New stories are like new lovers. You seek them out by tracing the lines on the palm of their hands, the wet corners of their eyes and lips, and the thickness in their backs. In moments, when time slows down in their eyes, you see the beginning of a tragedy. One that you know is going to leave you battered and poisoned.

On naked afternoons, as the sun empties the room for you two and sends shadow after shadow of windows carpeting up and down your sultry bodies, you wrap each other in stories of shame and embarrassment, of loss and fear. The curtains raise and fall, imitating your breaths and hair as you fling each other from far to close, from close to closer.

You hold them in your arms until you can, until they let you, in much the same way you toy with stories until they need to be written. Because before you know it, they have rescued their arms from your crushing weight; steadied their tired bodies while gathering their clothes, and left you alone with your awake and throbbing nakedness. As you lie listening to the small echo of their footsteps, you hug your cold body and make promises.

Stories are better lovers because they don’t make promises to you. It’s when they begin to, that you need to snuff them out like a candle.

Detachment

It’s like peeling wet jeans off your legs. You can’t do it standing anymore so you lie down on the floor and heave your thighs up and pull your pants down. It’s scraping off your butt and you can feel your panties sliding down with them. You aren’t in the mood to see your genitals so keep your panties back. The jeans now knot themselves up and about your ankles and you manage to extricate your legs back to your body. Dump the wet jeans in the bucket and get into the shower. Hot hot shower. Sigh and let your body soak its coldness in the steam. Put your face under the patter of scalding hot water and think of everything you want out of your life. All those disgusting little moments you made an ass of yourself in front of people you dress up for in the morning. Turn around slowly and watch clouds of steam rising up. Open your eyes to new promises and newer anxieties. The speech you made in your head about telling people to screw themselves and die isn’t worth it anymore. Nothing is. At the end of any bad day, you know you can always count on a hot shower to unhook yourself from yourself.  And like the wet pair of jeans you dumped in the bucket, the bad days go there.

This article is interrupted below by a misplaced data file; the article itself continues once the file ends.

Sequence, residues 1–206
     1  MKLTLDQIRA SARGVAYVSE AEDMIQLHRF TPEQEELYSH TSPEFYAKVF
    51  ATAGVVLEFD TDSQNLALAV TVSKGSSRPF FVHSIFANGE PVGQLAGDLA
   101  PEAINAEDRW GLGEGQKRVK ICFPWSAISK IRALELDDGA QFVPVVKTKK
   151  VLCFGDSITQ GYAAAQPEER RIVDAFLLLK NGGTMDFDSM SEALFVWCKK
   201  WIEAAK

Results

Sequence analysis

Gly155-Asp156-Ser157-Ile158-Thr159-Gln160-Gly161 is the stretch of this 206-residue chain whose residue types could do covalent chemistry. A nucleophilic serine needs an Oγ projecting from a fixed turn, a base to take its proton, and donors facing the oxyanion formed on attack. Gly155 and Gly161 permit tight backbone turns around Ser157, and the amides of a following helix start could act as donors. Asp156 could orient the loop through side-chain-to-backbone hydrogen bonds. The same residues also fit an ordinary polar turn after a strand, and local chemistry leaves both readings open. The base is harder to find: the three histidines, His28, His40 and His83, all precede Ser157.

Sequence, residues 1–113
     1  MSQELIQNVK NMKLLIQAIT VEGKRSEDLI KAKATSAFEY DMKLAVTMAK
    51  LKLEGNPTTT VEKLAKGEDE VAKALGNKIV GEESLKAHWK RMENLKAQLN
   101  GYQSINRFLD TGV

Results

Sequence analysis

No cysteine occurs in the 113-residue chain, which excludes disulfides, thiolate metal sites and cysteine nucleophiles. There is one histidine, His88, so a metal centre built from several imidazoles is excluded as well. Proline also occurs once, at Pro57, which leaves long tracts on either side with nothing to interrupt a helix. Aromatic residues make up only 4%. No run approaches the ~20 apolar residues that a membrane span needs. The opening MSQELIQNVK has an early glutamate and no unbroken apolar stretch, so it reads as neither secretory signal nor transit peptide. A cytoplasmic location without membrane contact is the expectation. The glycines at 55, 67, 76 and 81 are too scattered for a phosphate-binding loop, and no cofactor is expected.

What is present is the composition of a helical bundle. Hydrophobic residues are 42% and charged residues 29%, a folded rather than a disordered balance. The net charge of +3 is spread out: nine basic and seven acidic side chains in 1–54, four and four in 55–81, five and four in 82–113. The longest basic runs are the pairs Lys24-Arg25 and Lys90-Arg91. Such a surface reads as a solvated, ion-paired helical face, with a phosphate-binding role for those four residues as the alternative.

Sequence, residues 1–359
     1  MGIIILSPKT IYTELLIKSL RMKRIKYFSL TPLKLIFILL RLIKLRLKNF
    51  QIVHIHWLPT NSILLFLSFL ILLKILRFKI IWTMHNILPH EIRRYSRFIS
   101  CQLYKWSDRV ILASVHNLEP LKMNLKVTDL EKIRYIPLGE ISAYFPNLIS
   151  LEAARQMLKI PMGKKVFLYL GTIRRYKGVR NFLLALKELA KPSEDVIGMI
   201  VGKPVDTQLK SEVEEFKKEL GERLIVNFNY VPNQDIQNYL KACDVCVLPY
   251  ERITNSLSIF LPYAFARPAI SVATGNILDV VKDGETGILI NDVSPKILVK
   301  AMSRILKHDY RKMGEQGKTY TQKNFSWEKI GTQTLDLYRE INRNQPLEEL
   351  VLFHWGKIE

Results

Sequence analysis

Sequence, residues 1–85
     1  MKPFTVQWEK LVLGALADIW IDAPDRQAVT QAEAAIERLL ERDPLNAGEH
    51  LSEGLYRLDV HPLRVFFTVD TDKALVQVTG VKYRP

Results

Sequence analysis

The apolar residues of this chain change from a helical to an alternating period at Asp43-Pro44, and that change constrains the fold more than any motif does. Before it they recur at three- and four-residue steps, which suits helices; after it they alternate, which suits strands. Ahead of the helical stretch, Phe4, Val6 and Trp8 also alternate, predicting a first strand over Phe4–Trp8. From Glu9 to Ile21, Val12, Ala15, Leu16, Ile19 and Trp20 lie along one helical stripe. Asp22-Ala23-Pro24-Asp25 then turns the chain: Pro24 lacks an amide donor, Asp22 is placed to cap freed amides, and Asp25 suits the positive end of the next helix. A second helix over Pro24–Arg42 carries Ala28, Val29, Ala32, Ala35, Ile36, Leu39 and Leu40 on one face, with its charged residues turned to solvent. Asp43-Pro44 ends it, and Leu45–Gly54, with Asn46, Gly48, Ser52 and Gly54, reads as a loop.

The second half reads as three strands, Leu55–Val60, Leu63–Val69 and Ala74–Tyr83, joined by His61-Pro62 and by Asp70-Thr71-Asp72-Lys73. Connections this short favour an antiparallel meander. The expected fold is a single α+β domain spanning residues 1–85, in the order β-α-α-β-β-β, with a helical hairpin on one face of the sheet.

Strangers

If stranger had a name, it would be the awkwardness that hung over our heads at lunch yesterday, the hope of seeing a familiar face, the desire to add an extra chair at our table. It would be the skillful way I avoid his eyes and hands. Every movement your feet makes in that hour is a calculation, every word; measured and uttered in thoughts before anywhere else. Three years ago, the table we sat at and the food we ate was enough to make me sigh in content all day. It’s a different sigh now. One that comes only after you drop me home. Letting go is a lot easier, now that the stranger between us has a name, a face and seems more sombre than us.